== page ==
We entered into a long conversation about commission structures and I said that being on commission scares me and that the lack of stability gave me anxiety. He then dropped the golden nugget of advice that changed the trajectory of my career; advice I now share with folks early in their career struggling with the idea of sales or teetering on the edge of entrepreneurship: “What is more stable than depending on yourself?”

He elaborated by explaining that sales is the lifeblood of any organization. The jobs of the entire production team rely on the ability of the salesperson to bring in new work. So the folks that thought they had stability are really just relying on sales to create that stability. Sure there are other factors but it all comes down to sales. Also, depending on the commission structure, the earning potential is FAR more than those on the production floor. So, did I want to put my stability and livelihood in the hands of someone else? Heck no!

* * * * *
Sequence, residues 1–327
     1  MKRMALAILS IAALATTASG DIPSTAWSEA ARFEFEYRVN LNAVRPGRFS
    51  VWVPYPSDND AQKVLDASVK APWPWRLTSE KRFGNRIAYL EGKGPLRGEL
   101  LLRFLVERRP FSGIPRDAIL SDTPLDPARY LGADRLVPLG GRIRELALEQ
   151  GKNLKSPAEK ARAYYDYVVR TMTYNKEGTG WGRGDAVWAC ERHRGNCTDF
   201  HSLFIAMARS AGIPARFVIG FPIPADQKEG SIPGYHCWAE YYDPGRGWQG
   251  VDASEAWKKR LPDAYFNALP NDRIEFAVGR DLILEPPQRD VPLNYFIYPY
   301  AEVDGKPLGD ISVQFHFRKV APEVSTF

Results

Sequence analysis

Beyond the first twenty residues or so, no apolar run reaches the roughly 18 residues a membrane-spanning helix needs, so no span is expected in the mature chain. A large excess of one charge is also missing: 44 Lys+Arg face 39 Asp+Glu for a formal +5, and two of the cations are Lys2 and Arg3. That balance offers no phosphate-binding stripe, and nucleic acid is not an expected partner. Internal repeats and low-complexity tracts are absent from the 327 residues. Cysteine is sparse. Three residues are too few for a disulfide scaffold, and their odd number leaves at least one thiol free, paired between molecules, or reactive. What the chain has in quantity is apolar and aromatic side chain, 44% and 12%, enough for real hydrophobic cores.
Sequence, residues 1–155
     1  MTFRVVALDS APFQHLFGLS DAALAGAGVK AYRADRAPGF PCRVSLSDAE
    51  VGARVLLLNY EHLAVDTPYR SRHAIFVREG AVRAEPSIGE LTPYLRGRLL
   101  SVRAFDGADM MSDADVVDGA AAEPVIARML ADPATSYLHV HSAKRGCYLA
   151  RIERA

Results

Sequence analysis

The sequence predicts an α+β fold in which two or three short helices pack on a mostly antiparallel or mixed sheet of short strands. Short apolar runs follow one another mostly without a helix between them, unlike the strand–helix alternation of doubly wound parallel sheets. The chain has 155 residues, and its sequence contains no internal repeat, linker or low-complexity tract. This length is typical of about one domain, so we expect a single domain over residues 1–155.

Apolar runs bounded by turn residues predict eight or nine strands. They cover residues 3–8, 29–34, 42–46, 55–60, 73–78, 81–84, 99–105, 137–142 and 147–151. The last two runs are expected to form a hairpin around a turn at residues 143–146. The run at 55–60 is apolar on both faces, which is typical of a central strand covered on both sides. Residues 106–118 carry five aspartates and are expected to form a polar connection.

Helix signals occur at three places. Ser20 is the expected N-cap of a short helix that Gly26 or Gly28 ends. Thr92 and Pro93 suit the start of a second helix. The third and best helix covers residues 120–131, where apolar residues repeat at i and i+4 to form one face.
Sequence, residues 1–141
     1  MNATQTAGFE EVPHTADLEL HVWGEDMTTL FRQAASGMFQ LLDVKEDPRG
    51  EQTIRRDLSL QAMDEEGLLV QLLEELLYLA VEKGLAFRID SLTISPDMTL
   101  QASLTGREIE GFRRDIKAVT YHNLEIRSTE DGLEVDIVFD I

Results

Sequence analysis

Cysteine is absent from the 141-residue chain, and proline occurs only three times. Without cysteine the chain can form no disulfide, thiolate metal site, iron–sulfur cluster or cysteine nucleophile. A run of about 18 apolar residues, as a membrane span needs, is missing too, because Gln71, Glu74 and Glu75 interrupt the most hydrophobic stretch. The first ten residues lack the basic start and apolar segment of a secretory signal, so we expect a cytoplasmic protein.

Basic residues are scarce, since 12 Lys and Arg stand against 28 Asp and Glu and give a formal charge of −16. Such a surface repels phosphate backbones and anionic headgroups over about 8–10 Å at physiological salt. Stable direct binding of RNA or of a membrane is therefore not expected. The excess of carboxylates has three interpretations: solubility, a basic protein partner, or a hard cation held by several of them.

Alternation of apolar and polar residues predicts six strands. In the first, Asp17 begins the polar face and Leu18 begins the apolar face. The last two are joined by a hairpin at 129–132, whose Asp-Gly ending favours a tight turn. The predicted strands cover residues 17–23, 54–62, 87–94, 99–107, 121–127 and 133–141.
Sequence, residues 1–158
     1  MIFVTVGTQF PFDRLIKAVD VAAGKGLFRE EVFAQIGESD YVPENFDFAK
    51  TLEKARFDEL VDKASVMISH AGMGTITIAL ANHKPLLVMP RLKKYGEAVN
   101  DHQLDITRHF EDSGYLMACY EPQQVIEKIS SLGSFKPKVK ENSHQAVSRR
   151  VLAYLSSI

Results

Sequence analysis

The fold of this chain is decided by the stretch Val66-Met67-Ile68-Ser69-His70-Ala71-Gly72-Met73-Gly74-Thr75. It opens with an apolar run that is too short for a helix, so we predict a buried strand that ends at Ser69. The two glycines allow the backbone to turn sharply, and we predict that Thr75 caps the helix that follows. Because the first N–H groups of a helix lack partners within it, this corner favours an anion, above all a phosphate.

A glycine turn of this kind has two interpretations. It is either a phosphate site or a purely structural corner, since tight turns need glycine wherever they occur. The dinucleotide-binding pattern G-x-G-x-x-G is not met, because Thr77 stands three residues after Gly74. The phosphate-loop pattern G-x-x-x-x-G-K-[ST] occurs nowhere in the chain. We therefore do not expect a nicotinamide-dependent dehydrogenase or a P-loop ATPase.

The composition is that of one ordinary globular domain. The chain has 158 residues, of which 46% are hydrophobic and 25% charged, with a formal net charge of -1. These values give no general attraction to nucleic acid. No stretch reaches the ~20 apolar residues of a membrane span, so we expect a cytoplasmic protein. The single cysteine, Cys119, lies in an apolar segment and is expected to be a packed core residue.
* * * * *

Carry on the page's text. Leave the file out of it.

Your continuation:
This concept lead me to never taking a job that didn’t offer a good commission model, and eventually led me to start my own agency 9 years later.

The goal of a CEO is to make themselves redundant from the day-to-day running of the business

Richard J Bryan, Founder at The Bryan Group Inc., Keynote Speaker and Author. Denver, Colorado.

My mentor and business-turnaround-expert Frank once said to me that the goal for me as CEO of my family’s $120M business was to make myself redundant from the day-to-day running of the business by doing two things: (1) building a great leadership team of smart people who had complementary skills to my own rather than hiring in my own image; and (2) doing the things that only I could do in the business.